The interest in smart cities has been growing steadily in recent years with a specific focus on the role of physical capital and the availability and quality of human capital. At present, there are a significant number of ranking evaluations and correlation analyses between different aspects of smartness and economic aspects. However, there are few examples of analyses, which take into account, at the same time, multiple socio-demographic variables, economic variables and smart city characteristics. None of these explored in deep commonalities between cities with similar performance. In our study, we took into account 63 European cities from: Germany, Spain and Poland. Thanks to the Urban Audit dataset, we were able to collect different types of socio-demographic and economic variables and smart city characteristics. Our smartness characteristics refer to environment, mobility and ICT economy. A factor analysis allowed us to combine 9 variables in 3 factors: the first factor groups the socio-demographic variables, the second factor groups the economic variables, and the third factor groups the variables of the smart city characteristics. Our results suggest that there is no correlation between city size and smart city characteristics and no correlation between economic wealth and smart city characteristics considering all the 63 cities. Our investigation has highlighted shared features between top-ranking cities in terms of smartness in the three countries. More in detail, top-ranking German and Spanish cities are located in regions and areas where previous researches have underlined an open and dynamic economic environment based on interrelations between firms and institutions. Top-ranking Polish cities in terms of smartness are those that mostly experienced radical changes on local policy dynamics and the advent of new business structures. We also interpreted our results with data available from the Covenant of Mayors. The results presented in this study could be used to better delineate a strategic agenda for European cities, thus allowing decision makers to address wider challenges for smarter urban development.

Exploring aspects of environmental, mobility and economical smartness in European cities: a factor analysis approach.

CORSINI, Filippo;RIZZI, Francesco;FREY, Marco
2013

Abstract

The interest in smart cities has been growing steadily in recent years with a specific focus on the role of physical capital and the availability and quality of human capital. At present, there are a significant number of ranking evaluations and correlation analyses between different aspects of smartness and economic aspects. However, there are few examples of analyses, which take into account, at the same time, multiple socio-demographic variables, economic variables and smart city characteristics. None of these explored in deep commonalities between cities with similar performance. In our study, we took into account 63 European cities from: Germany, Spain and Poland. Thanks to the Urban Audit dataset, we were able to collect different types of socio-demographic and economic variables and smart city characteristics. Our smartness characteristics refer to environment, mobility and ICT economy. A factor analysis allowed us to combine 9 variables in 3 factors: the first factor groups the socio-demographic variables, the second factor groups the economic variables, and the third factor groups the variables of the smart city characteristics. Our results suggest that there is no correlation between city size and smart city characteristics and no correlation between economic wealth and smart city characteristics considering all the 63 cities. Our investigation has highlighted shared features between top-ranking cities in terms of smartness in the three countries. More in detail, top-ranking German and Spanish cities are located in regions and areas where previous researches have underlined an open and dynamic economic environment based on interrelations between firms and institutions. Top-ranking Polish cities in terms of smartness are those that mostly experienced radical changes on local policy dynamics and the advent of new business structures. We also interpreted our results with data available from the Covenant of Mayors. The results presented in this study could be used to better delineate a strategic agenda for European cities, thus allowing decision makers to address wider challenges for smarter urban development.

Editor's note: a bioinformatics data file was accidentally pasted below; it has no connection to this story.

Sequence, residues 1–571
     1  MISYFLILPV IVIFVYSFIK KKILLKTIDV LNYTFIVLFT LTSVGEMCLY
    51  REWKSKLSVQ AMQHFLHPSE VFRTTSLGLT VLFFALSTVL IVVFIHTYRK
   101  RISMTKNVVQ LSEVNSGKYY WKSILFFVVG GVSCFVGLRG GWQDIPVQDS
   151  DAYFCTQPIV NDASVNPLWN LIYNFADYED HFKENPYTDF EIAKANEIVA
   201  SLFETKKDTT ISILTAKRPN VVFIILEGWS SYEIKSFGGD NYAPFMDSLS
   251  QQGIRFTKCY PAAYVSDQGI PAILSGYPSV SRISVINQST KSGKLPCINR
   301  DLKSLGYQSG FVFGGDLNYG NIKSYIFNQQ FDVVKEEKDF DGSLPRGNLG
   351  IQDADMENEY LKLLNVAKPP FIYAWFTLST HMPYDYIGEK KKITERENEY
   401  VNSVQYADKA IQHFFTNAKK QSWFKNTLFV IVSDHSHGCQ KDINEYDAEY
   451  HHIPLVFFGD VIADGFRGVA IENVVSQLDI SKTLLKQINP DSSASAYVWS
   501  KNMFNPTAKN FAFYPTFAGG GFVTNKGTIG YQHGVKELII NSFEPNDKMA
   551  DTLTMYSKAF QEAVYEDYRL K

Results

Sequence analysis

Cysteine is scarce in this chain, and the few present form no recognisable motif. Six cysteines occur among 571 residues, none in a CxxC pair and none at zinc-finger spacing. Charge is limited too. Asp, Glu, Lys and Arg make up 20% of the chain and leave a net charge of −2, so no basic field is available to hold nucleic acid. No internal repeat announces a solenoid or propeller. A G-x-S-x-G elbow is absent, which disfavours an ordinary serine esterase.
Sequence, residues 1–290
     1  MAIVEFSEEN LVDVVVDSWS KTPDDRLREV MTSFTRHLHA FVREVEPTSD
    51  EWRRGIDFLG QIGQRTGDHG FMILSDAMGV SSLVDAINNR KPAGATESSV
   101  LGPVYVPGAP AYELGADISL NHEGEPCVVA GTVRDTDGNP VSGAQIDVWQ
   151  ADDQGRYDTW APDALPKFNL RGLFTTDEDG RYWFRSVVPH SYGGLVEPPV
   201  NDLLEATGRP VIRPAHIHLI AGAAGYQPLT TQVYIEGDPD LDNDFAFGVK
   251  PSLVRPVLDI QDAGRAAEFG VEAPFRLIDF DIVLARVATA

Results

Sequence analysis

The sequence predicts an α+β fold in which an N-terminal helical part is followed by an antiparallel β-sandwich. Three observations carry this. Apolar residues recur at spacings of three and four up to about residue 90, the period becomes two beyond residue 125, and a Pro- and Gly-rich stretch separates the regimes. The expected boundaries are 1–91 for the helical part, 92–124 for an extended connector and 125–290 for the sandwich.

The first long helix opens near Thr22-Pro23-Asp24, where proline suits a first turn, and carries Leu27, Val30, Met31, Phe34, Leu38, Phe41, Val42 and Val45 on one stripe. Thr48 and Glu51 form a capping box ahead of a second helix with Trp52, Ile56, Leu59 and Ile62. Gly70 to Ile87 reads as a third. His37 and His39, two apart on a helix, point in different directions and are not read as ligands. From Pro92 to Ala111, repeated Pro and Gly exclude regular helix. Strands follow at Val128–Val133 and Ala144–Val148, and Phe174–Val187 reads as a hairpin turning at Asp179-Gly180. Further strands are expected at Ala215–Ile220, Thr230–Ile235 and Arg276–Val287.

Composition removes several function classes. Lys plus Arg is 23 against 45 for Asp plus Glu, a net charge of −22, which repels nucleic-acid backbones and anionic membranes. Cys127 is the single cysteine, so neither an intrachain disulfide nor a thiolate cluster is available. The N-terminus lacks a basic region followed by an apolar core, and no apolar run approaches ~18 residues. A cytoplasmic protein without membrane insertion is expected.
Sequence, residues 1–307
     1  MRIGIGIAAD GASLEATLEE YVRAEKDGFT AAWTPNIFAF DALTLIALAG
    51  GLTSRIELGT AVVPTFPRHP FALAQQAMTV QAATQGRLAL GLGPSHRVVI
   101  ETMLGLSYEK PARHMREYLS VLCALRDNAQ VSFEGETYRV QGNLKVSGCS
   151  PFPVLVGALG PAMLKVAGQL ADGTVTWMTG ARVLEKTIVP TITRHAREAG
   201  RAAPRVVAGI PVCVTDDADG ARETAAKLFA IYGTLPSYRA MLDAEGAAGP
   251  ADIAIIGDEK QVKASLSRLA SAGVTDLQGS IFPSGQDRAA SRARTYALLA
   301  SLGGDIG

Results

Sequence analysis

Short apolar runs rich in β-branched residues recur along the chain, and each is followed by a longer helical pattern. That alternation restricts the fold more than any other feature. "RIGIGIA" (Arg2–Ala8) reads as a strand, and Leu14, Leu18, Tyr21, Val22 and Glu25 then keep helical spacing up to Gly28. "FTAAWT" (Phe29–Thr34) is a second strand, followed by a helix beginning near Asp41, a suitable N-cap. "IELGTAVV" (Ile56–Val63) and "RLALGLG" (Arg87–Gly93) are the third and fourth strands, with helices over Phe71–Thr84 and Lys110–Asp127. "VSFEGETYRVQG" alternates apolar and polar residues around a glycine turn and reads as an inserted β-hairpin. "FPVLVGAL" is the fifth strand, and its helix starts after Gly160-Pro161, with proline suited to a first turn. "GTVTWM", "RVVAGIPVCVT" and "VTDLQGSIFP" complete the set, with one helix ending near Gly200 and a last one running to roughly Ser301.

File in questo prodotto:
Non ci sono file associati a questo prodotto.

I documenti in IRIS sono protetti da copyright e tutti i diritti sono riservati, salvo diversa indicazione.

Utilizza questo identificativo per citare o creare un link a questo documento: http://hdl.handle.net/11382/403847
Citazioni
  • ???jsp.display-item.citation.pmc??? ND
  • Scopus ND
social impact